We even checked the cleavage assay of our protein complex to see if it is cleaving the DNA substrate or not, and to see the effect of its cleavage activity in the absence of one of our protein subunits, McrB or MCRC, and GTP. GTP is necessary for the cleavage activity as a source of energy without which McrBC cannot cleave the DNA substrate. From our observation, in the absence of one of the protein subunits, we were not able to see proper cleavage. But with the presence of both the protein subunit McrB and McrC, we could clearly see two bands on the gels, which confirms proper cleavage activity. Also, without GTP, there is no cleavage activity. But GTP, along with both the protein subunits, McrB and McrC, we could clearly see the cleavage activity. This shows that both the protein subunits and GTP are necessary for cleavage activity.


Besides all the above techniques, I also got to learn other techniques such as “transformation” of bacterial cell which is a method of allowing bacterial cell to take up the plasmid DNA that contains gene of interest. Another technique that I learned is called “inoculation” which is done by allowing the bacterial cells that are grown through transformation to grow in more number in a new liquid media mainly to increase the culture yield. We also performed what is called “inducing”, which is done by mainly inducing the bacterial cell to express its protein so that we could purify that protein and use it in other experiments.


I learned that McrBC is a modification-dependent restriction enzyme that functions by differentiating self and non-self genome based on DNA methylation. They recognise methylated DNA as foreign DNA and thus cleaves them in the presence of GTP. The protein subunit, McrC, that my mentor is studying cannot by itself cleave the DNA substrate.  It needs to form a complex with another subunit, McrB, to form a heterooligomeric complex, McrBC. The protein subunits have different functions; McrB is responsible for both DNA binding and GTP hydrolysis while McrC performs endonuclease activity. The GTPase activity of McrB gets activated 30-fold in the presence of its partner, McrB. So, this shows that both the subunits are dependent on each other. The absence of one of them and also the absence of GTP restricts the whole cleavage activity.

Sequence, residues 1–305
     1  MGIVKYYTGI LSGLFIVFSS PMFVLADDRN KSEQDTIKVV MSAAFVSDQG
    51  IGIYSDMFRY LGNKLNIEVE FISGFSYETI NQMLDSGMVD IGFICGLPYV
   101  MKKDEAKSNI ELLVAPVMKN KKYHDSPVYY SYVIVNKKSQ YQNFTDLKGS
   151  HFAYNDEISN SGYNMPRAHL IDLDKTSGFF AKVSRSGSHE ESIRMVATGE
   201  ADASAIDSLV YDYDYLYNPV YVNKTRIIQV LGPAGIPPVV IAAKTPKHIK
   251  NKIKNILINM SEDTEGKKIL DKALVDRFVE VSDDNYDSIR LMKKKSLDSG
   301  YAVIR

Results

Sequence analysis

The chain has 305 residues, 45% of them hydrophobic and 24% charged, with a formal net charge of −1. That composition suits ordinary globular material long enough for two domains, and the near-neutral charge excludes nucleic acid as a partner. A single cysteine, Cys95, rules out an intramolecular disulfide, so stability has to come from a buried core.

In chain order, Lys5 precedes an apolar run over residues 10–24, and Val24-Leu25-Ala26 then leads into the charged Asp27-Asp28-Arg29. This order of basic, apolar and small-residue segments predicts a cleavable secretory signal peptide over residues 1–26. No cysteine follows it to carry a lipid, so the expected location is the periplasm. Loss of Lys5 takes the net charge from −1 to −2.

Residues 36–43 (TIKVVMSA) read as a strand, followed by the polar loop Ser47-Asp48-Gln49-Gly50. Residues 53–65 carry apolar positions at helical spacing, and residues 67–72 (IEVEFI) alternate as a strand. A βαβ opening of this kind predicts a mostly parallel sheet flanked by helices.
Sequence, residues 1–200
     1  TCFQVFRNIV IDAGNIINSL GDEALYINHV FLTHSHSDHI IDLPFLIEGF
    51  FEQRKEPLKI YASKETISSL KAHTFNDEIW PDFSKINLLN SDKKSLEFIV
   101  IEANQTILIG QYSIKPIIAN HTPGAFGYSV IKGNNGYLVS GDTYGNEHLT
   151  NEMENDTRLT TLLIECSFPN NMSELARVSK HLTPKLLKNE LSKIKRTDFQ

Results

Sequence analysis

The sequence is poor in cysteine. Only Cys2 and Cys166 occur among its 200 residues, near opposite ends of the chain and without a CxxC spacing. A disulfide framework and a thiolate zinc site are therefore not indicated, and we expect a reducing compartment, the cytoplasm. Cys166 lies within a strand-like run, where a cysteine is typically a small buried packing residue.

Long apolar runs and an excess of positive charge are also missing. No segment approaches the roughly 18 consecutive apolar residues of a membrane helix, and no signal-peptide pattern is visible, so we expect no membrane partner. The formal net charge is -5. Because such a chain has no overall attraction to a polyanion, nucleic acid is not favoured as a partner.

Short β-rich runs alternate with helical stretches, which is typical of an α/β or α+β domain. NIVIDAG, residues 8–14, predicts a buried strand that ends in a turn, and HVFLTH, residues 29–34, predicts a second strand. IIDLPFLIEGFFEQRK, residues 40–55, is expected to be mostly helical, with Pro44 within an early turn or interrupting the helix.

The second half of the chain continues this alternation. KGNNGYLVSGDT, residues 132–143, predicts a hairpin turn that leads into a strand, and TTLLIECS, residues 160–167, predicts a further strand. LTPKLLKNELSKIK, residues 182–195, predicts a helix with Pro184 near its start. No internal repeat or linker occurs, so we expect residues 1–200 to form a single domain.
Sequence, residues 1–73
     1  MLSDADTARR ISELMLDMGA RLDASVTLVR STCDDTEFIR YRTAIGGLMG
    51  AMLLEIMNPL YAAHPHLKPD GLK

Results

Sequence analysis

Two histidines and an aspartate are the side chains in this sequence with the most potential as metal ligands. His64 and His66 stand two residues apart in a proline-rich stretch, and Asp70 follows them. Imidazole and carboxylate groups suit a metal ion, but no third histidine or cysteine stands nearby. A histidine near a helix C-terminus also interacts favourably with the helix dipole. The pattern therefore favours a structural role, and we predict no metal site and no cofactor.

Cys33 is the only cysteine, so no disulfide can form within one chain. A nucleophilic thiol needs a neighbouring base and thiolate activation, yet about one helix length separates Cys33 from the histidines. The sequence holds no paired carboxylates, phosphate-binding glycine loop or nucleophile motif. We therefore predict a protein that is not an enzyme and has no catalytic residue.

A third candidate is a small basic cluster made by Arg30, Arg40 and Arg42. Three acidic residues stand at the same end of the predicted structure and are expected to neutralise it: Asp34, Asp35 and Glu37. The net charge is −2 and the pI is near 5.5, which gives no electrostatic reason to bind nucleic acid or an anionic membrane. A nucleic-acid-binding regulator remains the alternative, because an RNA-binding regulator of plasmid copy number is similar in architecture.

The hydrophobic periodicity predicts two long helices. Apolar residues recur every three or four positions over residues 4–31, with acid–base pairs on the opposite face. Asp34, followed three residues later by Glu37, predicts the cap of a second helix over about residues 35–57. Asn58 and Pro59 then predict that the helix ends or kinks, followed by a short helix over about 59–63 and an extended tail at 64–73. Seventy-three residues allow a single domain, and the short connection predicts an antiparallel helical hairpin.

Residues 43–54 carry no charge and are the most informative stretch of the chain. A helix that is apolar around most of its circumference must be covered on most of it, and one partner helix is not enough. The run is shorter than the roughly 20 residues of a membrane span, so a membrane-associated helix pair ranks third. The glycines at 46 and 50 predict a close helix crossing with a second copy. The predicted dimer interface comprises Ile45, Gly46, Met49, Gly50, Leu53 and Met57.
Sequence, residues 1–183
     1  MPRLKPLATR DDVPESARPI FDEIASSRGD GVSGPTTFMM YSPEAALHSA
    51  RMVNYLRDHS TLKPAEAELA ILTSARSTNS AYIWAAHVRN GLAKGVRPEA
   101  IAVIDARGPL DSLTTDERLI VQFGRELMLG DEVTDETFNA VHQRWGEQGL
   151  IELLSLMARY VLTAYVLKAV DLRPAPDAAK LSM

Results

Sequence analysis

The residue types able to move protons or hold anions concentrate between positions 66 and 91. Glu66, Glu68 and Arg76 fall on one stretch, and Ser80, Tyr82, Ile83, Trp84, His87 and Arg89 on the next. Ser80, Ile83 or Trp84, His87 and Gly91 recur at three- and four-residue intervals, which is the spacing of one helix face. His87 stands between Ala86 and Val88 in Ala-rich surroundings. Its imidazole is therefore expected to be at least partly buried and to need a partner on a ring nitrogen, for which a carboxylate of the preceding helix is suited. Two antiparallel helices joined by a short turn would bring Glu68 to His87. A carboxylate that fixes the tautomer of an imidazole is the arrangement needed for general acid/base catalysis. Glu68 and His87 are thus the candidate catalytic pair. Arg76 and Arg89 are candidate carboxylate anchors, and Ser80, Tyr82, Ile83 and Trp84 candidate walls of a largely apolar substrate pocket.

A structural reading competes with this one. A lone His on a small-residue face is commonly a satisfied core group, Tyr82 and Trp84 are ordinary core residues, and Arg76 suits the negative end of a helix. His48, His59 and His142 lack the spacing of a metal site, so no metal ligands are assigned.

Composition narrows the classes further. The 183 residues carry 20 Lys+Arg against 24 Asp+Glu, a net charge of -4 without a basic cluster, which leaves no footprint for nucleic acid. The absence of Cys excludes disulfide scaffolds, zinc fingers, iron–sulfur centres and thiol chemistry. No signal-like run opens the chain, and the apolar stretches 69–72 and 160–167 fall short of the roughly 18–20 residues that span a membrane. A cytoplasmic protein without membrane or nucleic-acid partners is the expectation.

Apart from the technical work that I did, I got to experience how research life actually looks. I realised that PhD is not just like a normal degree that we have pursued till now.  It is about conducting advanced research by creating your own hypothesis and working on it until you get a result. It is a big commitment in terms of time. You need to be very innovative, patient and hardworking.


Overall, I learned lots of new things from my mentor within this one month.


This internship was very helpful in terms of gaining new knowledge and expanding our academic horizon. I want to thank Department of Education for giving us this wonderful learning opportunity. I am also very thankful to Prachi Madam for being a wonderful guardian who made us all feel very comfortable in a completely new environment. I am also very much grateful to my supervisor, Dr. Saikrishnan Kayarat, for supervising me and assigning me a very good mentor. Lastly, I am indebted to my mentor, Sutirtha. Everything that I learned and experienced within this one month is because of him. He made sure that I understood everything that he taught me.


I would definitely encourage my friends and my juniors to grab this opportunity as they will also learn a lot, just like we did.  


More Pictures from the internship:


Our work bench on which all the equipments and chemicals are kept prepared


Table-top centrifuge and micropipettes - key tools in every small volume experiments


A big conical flask containing LB (Lysogeny Broth), a nutritionally rich medium,

that is used for bacterial growth


SDS PAGE - used for checking protein expression